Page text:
For decades, our Canadian "snowbirds" have crossed the border in search of warmer temperatures. Cross-border travel restrictions, lockdowns and concerns related to the COVID-19 pandemic have changed the habits and plans of many. Indeed, many have turned to the recreational vehicle (RV) lifestyle. There has been a real explosion in RV sales during the pandemic.(1)
The RV lifestyle is also a way to redefine what it means to be "older" and to adopt an active lifestyle, to prioritize independence and personal fulfillment. Some retirees even sell everything to live in their RV and travel across the country (and beyond). If this phenomenon seems recent here, it is not the case in Australia. For more than two decades, Australia has seen a growing community of "grey nomads" who travel independently and for extended periods in their caravan or motor home.(2)
A nomadic lifestyle can reveal some challenges when it comes to chronic disease management. What lessons can we learn from Australia's grey nomads with type 1 and 2 diabetes?
What research tells us
An evidence synthesis identified 10 studies examining the experiences and behaviours of grey nomads with type 1 and 2 diabetes in Australia.(3)
The findings reveal that grey nomads are over 55 and live with at least one chronic disease (8% of them living with diabetes).
These people see their nomadic lifestyle as a way to help them maintain healthy and active lives. However, studies reveal that many of them have high levels of alcohol consumption and obesity, as well as a below average quality of life.
Also, studies show that about 8% of them have to return prematurely from their trip for health reasons. They do little or no planning for their health needs and do not bring enough medicines during their journey, which leads to the use of local health services on the road. In rural and remote areas, limited access to primary care often forces them to go to emergency services, which sometimes have difficulty coping with the influx of new patients.
Grey nomads with diabetes manage their disease on their own and must pay attention to their diet, monitor their blood sugar levels and take the necessary medications. Uncontrolled diabetes results in off-target blood sugar levels, increased complications, poorer quality of life and higher risk of death.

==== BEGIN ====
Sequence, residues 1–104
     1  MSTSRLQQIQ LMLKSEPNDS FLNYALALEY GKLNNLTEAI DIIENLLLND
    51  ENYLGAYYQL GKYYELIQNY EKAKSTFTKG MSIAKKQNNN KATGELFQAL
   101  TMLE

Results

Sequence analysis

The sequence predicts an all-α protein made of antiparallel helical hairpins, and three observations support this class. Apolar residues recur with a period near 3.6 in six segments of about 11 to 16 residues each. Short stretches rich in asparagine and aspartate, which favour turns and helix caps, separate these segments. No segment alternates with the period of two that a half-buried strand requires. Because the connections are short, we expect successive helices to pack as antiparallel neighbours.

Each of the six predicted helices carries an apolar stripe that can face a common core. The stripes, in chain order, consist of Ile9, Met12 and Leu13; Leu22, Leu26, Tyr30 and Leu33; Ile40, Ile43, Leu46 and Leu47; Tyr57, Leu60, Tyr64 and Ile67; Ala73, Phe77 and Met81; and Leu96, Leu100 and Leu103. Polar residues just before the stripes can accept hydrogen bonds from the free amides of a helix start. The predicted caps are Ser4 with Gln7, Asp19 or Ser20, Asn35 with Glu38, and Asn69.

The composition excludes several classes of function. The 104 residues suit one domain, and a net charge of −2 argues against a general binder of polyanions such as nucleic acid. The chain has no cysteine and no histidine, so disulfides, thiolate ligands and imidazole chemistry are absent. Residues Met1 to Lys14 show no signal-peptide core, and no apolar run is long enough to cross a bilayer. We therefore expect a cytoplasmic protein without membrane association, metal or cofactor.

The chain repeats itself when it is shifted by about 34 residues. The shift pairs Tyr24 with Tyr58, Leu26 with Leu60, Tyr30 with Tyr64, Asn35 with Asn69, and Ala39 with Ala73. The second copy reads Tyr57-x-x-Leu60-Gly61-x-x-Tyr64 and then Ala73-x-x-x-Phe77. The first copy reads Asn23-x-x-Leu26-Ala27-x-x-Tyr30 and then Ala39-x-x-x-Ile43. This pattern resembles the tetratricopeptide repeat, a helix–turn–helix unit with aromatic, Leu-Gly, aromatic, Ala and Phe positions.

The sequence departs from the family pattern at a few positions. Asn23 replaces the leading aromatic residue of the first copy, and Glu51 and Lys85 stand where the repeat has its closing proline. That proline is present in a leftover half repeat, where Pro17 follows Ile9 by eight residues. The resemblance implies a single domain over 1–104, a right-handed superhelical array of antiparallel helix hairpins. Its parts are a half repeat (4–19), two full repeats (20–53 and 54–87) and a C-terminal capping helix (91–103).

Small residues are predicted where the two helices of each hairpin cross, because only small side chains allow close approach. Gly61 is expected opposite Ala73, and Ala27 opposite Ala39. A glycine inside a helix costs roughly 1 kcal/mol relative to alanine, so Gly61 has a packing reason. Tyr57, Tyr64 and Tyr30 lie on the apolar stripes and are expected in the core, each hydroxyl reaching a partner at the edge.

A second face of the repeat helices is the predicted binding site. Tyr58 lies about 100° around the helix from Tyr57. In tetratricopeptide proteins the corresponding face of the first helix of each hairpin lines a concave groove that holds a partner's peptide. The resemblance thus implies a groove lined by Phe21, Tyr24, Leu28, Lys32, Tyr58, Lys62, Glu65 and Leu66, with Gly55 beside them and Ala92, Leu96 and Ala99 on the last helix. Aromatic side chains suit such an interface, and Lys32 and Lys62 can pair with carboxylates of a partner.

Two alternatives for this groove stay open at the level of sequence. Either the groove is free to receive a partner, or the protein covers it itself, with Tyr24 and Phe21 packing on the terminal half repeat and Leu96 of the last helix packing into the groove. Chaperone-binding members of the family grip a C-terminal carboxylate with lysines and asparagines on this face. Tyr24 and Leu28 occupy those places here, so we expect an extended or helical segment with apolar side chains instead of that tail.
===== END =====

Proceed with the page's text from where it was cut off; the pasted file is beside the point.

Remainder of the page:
Grey nomads who have been well informed and trained by their healthcare professionals have better skills in controlling their diabetes on long trips because they are more knowledgeable about their disease, are aware of the signs and symptoms of poorly controlled diabetes, and know when to seek care. In addition, the possibility of talking remotely with their health professionals promotes better care in the event of a problem.
Are you interested in the nomadic way of life?
Here are some tips to prepare for it:
- Inform your healthcare professionals about your project.
- Make sure you have access to your electronic health record (or a printed copy of your record) to support continuity of care.(4)
- List your medications and purchase the amount needed for the duration of your trip.
- Community pharmacists along your itinerary can answer questions about your medications, blood sugar monitoring, etc.
- Agree on a way to communicate remotely with your healthcare professionals: Since the COVID-19 pandemic, the use of telehealth and virtual care have increased. If you are not comfortable with technology, now is a good time to get started!
- Find out about digital technologies to facilitate the self-management of your disease: Alert systems for medication, tools to monitor your blood sugar levels, remote-monitoring tools that can be used by your care team, etc.
- If you are traveling outside Canada, find out about the rules for continuing to benefit from your health insurance coverage.
We wish you a safe journey on the road!